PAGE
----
Most light sources emit light at many different wavelengths; a source's spectrum is a distribution giving its intensity at each wavelength. Although the spectrum of light arriving at the eye from a given direction determines the color sensation in that direction, there are many more possible spectral combinations than color sensations. In fact, one may formally define a color as a class of spectra that give rise to the same color sensation, although such classes would vary widely among different species, and to a lesser extent among individuals within the same species. In each such class the members are called metamers of the color in question.

Spectral colors

The familiar colors of the rainbow in the spectrum—named using the Latin word for appearance or apparition by Isaac Newton in 1671—include all those colors that can be produced by visible light of a single wavelength only, the pure spectral or monochromatic colors. The table at right shows approximate frequencies (in terahertz) and wavelengths (in nanometers) for various pure spectral colors. The wavelengths listed are as measured in air or vacuum (see refractive index).

The color table should not be interpreted as a definitive list—the pure spectral colors form a continuous spectrum, and how it is divided into distinct colors linguistically is a matter of culture and historical contingency (although people everywhere have been shown to perceive colors in the same way[6]). A common list identifies six main bands: red, orange, yellow, green, blue, and violet. Newton's conception included a seventh color, indigo, between blue and violet. It is possible that what Newton referred to as blue is nearer to what today is known as cyan, and that indigo was simply the dark blue of the indigo dye that was being imported at the time.[7]

The intensity of a spectral color, relative to the context in which it is viewed, may alter its perception considerably; for example, a low-intensity orange-yellow is brown, and a low-intensity yellow-green is olive green.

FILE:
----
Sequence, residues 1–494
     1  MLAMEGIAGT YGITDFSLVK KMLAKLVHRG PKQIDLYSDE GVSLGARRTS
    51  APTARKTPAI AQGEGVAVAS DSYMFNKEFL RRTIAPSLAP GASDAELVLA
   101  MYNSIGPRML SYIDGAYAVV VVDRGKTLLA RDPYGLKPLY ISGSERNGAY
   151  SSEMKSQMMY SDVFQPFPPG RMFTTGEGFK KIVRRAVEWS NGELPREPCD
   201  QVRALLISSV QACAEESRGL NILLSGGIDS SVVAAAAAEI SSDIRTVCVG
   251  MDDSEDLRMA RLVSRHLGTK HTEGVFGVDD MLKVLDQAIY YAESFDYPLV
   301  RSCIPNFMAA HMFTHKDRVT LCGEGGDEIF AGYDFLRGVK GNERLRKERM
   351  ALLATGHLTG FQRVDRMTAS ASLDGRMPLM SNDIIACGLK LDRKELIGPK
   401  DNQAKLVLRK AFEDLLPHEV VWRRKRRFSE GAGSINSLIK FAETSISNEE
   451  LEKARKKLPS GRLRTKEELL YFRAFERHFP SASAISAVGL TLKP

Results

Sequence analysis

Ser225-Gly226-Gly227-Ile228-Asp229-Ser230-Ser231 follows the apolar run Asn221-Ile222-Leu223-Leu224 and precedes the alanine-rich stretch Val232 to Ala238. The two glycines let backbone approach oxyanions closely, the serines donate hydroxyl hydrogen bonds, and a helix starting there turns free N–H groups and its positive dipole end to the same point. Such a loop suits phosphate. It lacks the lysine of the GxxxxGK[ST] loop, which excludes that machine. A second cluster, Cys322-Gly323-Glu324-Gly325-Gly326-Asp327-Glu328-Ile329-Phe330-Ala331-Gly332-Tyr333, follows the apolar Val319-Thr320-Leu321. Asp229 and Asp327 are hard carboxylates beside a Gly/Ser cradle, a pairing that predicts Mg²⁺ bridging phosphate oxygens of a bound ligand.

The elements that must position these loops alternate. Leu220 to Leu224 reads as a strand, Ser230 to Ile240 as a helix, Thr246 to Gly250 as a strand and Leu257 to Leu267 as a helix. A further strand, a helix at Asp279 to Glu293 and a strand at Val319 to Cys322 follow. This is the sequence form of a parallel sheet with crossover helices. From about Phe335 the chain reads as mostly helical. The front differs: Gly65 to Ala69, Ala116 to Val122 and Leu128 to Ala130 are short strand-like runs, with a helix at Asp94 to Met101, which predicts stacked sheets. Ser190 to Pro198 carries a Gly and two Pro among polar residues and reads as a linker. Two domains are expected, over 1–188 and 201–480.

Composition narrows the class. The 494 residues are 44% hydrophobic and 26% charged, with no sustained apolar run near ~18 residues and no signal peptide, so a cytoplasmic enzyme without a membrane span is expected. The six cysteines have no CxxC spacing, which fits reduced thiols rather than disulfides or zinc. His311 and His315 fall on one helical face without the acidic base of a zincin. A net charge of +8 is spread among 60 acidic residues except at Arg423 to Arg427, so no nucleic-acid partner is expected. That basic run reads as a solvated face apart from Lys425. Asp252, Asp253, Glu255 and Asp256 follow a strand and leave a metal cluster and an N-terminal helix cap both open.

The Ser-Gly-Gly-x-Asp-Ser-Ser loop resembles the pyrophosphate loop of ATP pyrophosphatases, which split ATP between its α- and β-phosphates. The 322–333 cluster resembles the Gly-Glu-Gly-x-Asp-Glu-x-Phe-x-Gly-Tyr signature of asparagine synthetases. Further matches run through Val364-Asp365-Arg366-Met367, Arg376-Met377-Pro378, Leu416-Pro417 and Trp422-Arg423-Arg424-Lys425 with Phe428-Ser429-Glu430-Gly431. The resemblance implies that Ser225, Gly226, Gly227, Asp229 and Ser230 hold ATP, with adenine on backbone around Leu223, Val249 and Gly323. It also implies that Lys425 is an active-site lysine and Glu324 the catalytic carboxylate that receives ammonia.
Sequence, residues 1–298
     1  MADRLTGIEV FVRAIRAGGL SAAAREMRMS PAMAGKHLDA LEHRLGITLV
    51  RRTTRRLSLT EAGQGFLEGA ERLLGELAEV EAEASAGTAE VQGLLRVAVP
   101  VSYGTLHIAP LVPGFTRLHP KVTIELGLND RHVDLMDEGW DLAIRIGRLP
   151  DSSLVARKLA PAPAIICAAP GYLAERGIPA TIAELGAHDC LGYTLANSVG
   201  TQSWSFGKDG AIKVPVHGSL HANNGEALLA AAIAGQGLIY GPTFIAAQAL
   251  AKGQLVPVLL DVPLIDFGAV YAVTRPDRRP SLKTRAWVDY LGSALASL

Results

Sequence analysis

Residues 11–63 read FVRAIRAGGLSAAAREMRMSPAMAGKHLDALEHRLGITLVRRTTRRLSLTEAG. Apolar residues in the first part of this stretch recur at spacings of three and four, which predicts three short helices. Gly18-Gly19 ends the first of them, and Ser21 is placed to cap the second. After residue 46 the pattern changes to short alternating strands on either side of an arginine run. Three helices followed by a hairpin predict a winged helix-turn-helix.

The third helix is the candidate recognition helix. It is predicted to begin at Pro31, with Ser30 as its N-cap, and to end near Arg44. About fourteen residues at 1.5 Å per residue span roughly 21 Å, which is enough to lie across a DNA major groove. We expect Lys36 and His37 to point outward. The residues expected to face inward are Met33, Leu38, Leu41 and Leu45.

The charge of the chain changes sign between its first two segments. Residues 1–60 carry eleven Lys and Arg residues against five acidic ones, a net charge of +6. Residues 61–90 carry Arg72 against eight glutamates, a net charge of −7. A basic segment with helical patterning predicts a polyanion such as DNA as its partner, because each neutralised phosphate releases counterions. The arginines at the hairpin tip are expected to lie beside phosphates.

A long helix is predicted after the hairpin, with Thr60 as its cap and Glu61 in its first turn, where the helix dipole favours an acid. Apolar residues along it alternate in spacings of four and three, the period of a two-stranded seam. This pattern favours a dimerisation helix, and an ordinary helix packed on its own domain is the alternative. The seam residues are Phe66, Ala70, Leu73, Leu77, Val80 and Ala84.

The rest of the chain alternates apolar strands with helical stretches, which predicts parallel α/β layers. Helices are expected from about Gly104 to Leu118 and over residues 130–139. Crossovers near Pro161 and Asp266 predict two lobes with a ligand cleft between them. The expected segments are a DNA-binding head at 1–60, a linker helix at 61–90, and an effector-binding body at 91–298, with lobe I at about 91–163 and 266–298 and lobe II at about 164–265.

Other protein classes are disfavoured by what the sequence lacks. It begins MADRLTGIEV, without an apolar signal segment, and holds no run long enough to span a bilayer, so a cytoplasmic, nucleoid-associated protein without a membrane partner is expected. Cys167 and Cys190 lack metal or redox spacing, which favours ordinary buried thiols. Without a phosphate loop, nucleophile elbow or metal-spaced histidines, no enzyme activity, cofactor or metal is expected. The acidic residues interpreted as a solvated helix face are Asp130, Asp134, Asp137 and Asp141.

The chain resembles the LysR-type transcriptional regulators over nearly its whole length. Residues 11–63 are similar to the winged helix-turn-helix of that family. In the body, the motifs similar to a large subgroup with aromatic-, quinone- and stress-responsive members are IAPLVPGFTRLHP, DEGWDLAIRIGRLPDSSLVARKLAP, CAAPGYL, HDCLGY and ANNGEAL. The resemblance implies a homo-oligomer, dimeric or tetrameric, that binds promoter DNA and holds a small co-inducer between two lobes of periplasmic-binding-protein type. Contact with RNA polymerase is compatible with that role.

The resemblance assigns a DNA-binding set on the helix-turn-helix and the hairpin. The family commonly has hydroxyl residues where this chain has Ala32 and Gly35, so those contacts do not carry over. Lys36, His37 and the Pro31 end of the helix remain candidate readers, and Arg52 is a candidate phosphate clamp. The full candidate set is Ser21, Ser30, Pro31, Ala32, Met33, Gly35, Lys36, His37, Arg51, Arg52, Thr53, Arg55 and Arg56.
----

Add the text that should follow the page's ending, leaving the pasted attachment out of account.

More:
Color of objects

The color of an object depends on both the physics of the object in its environment and the characteristics of the perceiving eye and brain. Physically, objects can be said to have the color of the light leaving their surfaces, which normally depends on the spectrum of the incident illumination and the reflectance properties of the surface, as well as potentially on the angles of illumination and viewing. Some objects not only reflect light, but also transmit light or emit light themselves, which also contributes to the color. A viewer's perception of the object's color depends not only on the spectrum of the light leaving its surface, but also on a host of contextual cues, so that color differences between objects can be discerned mostly independent of the lighting spectrum, viewing angle, etc. This effect is known as color constancy.

The upper disk and the lower disk have exactly the same objective color, and are in identical gray surroundings; based on context differences, humans perceive the squares as having different reflectances, and may interpret the colors as different color categories; see checker shadow illusion.

Some generalizations of the physics can be drawn, neglecting perceptual effects for now:

  • Light arriving at an opaque surface is either reflected "specularly" (that is, in the manner of a mirror), scattered (that is, reflected with diffuse scattering), or absorbed—or some combination of these.
  • Opaque objects that do not reflect specularly (which tend to have rough surfaces) have their color determined by which wavelengths of light they scatter strongly (with the light that is not scattered being absorbed). If objects scatter all wavelengths with roughly equal strength, they appear white. If they absorb all wavelengths, they appear black.[8]